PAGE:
Marvel Studios And 'Doctor Strange' Screenwriter Defend Ancient One Casting

Marvel's decision to cast Tilda Swinton as the Ancient One in Doctor Strange was always bound to attract controversy. The character is an Asian man in the comics, so putting a white woman in the role led to complaints about whitewashing. But the Doctor Strange team is standing by its choice. Last week Swinton went on record insisting that there were "very good reasons" for the change, and now Doctor Strange screenwriter C. Robert Cargill and Marvel Studios have weighed in as well. 

Here's how Swinton explained the change:

The script that I was presented with did not feature an Asian man for me to play, so that was never a question when I was being asked to do it. It all will be revealed when you see the film, I think. There are very great reasons for us to feel very settled and confident with the decisions that were made.

In an official statement to Mashable, Marvel defended its decision:

Marvel has a very strong record of diversity in its casting of films and regularly departs from stereotypes and source material to bring its MCU to life. The Ancient One is a title that is not exclusively held by any one character, but rather a moniker passed down through time, and in this particular film the embodiment is Celtic. We are very proud to have the enormously talented Tilda Swinton portray this unique and complex character alongside our richly diverse cast.

Cargill offered a more comprehensive response during an appearance on Double Toasted (via ScreenRant):

The thing about the Ancient One is it is Marvel's Kobayashi Maru. There is no other character in Marvel history that is such a cultural landmine, that is absolutely unwinnable. Like, I've been reading a bunch of people talking about it and the really frustrating thing about it this week is that most of the people who have thoughts on it haven't thought it all the way through and they go, 'Why didn't they just do this?' And it's like, I could tell you why. I could tell you why every single decision that involves the Ancient One is a bad one, and just like the Kobayashi Maru, it all comes down on which way you're willing to lose.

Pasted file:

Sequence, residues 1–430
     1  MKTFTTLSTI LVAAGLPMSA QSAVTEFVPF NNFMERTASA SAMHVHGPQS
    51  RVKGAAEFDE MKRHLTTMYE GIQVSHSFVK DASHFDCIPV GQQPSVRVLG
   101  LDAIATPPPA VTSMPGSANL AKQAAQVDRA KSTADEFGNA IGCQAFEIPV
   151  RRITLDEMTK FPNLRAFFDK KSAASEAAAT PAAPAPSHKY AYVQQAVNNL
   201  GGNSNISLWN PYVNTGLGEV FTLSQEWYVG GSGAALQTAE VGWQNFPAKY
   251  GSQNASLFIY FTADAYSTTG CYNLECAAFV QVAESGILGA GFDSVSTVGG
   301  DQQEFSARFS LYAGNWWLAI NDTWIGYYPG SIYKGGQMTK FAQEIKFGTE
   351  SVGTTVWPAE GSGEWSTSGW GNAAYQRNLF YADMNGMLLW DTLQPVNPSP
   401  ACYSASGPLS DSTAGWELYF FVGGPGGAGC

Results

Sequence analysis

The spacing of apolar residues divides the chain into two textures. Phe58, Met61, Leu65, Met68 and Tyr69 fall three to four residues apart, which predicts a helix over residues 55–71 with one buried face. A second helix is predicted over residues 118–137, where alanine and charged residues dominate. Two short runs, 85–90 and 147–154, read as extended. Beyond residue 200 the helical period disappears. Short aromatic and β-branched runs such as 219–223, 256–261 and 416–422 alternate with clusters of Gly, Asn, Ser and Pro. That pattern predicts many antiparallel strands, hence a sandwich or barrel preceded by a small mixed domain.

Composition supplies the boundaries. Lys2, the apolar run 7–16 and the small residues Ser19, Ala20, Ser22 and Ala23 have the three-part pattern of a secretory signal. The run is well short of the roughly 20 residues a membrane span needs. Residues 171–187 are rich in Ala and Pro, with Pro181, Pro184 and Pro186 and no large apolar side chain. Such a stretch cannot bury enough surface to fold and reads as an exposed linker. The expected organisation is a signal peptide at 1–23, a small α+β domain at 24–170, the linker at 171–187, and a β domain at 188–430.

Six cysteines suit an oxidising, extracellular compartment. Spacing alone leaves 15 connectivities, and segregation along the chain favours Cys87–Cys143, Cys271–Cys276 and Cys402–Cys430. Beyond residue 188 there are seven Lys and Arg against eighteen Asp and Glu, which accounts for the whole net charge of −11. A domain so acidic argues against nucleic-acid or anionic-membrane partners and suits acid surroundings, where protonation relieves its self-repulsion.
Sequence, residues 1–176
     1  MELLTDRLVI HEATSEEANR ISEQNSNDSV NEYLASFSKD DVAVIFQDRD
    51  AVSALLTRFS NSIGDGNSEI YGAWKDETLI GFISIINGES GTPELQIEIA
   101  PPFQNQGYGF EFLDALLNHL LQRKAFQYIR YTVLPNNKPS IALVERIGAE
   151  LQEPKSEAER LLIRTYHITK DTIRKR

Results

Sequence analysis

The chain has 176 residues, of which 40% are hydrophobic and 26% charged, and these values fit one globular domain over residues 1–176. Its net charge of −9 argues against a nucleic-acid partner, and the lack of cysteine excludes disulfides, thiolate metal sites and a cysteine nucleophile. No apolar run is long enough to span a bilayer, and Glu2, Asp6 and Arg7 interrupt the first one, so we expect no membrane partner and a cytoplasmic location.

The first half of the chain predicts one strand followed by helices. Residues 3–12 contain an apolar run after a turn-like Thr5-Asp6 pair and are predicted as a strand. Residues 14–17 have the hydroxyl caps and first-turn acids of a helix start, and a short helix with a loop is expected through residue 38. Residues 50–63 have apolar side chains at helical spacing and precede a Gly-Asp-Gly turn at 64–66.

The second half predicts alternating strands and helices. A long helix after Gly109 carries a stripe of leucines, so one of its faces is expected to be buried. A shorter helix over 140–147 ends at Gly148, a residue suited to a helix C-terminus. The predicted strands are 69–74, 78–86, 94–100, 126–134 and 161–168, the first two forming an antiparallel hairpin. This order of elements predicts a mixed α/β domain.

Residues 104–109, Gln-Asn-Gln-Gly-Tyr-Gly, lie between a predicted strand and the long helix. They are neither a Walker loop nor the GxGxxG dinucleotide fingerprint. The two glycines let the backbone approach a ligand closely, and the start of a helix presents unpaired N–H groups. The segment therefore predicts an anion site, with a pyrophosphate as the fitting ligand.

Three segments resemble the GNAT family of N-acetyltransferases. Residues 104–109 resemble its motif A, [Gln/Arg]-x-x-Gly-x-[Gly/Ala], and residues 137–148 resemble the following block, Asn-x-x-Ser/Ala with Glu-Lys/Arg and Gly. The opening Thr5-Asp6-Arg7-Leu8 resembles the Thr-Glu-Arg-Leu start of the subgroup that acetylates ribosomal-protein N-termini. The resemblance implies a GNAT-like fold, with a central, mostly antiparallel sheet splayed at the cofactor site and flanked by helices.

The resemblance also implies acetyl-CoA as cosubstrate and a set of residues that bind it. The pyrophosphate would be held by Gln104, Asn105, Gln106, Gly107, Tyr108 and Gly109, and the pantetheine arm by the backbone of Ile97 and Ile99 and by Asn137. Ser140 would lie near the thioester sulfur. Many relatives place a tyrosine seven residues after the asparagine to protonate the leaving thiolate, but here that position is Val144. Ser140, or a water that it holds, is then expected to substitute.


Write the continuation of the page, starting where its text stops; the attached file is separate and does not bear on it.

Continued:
The Ancient One was a racist stereotype who comes from a region of the world that is in a very weird political place. You know, he originates from Tibet, so if you acknowledge that Tibet is a place and that he's Tibetan, you risk alienating one billion people who think that that's bullshit and risk the Chinese government going, 'Hey, you know one of the biggest film-watching countries in the world? We're not going to show your movie because you decided to get political.' If we decide to go the other way and cater to China in particular and have him be in Tibet. [...] If you think it's a good idea to cast a Chinese actress as a Tibetan character, you are out of your damn fool mind and have no idea what the fuck you're talking about.

As Cargill points out, the decision was not up to him – it was made before he came on board — but he's happy to back up director Scott Derrickson's choices. He's not wrong that the Ancient One would have inspired grumbling no matter who won the part. It's also worth pointing out that since no one has actually seen Doctor Strange yet, it's impossible to say anything definitive about the way the movie navigates these tricky racial and political issues.

It is unfortunate that the Doctor Strange trailer looks full of Asian influences but no actual Asian characters (Benedict Wong is in the movie, but hasn't appeared in any of the marketing so far). And it doesn't help that Marvel's track record with Asians in general is so poor to begin with — there are almost no Asian characters in the MCU, and meanwhile there's another probable controversy brewing with Iron Fist. I'm on record as not loving the Doctor Strange trailer, but I'm also on record as being a huge Marvel fan in general. Here's hoping the movie itself does a better job of addressing that Ancient One problem.

Doctor Strange arrives November 4.